> > > That's not a win. In fact, it's a big loss. If the packages are
> > > automatically signed during the build process, the only thing the
> > > signature means is "it showed up in the queue of things to be signed".
> > > But if you see a signed package, the impression you get is that it is in
> > > some way "trusted". Of course, it isn't trusted. It's just got a
> > > signature that says "don't make the user type --nosig".
> > That's a misinterpretation of the signature on the package. We shouldn't
> > sign or not sign packages based on how people could misconceive what
> > such a signature means. We should sign packages so people can verify
> > that these packages are actually from us and haven't been tampered with
> > in the meantime.
> We always have used signing to mean more than just this, and the other
> things are equally important, if not more so, to us. We can't mean just
> that the transport is ok without giving the rest up. We cannot have it
> mean one thing sometimes, and more things some other times, unless the
> signatures have actual data about what they represent *built in*. Who
> is signing it is not enough, and that's currently all we have. If the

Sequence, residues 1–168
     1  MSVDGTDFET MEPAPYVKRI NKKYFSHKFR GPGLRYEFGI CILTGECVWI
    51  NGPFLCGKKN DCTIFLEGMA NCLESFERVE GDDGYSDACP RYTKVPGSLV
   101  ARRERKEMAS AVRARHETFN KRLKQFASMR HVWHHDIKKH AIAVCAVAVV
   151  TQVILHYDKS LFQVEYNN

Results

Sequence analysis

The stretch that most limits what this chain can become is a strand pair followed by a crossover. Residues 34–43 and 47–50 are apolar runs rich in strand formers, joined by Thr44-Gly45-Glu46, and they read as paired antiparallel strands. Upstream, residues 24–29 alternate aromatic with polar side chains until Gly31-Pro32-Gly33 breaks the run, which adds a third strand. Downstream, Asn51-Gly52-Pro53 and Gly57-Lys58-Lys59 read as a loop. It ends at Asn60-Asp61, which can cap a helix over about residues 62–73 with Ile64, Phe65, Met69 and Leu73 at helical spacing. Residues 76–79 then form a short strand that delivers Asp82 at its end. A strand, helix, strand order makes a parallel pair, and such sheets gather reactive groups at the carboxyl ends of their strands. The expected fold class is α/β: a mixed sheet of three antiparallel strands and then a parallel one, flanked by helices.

> only way to tell the difference in what the signatures mean is the key
> of the signer, then most people who *do* care will never know what any
> signature means.
> So yes, we both agree that we "should sign packages" (or some data that
> can be securely matched with it, like the metadata) "so people can
> verify that these packages are actually from us and haven't been
> tampered with in the meantime." What we don't agree on is the fact that
> this is very much NOT what we currently do with signatures.
Your argumentation implies that all package signing keys convey the same
message, i.e. "this package was built there and there and fulfils
certain quality criteria" which is certainly not true for the Rawhide
key. Rawhide packages explicitly do not fulfil any criteria, in fact
Rawhide packages have been announced as:
Raw Hide Can Be a Bit Tough to Chew on So Run at Your Own Risk (and
These releases have not been quality tested by Red Hat's Quality
Assurance team. They may not boot. If they boot, they may not install.
If they install, they may not do anything other then waste CPU cycles.
If anything breaks, you most assuredly own the many fragments which will
be littered across your floor.
The Rawhide key did not ever tell me more than that this package has
been built in the Red Hat build system. This surely is different from
what any other RPM signing keys may or may not mean, but it is enough
for the purposes for those people who want to test the new stuff but
still want to be at least a bit safe that the software they try won't
intentionally screw them. Beta/Testing keys might imply a bit more of
quality while final keys give me the most in that department. Not every
key is the same here ;-).
Nils Philippsen / Red Hat / nphilipp redhat com
"They that can give up essential liberty to obtain a little temporary
safety deserve neither liberty nor safety." -- B. Franklin, 1759
PGP fingerprint: C4A8 9474 5C4C ADE3 2B8F 656D 47D8 9B65 6951 3011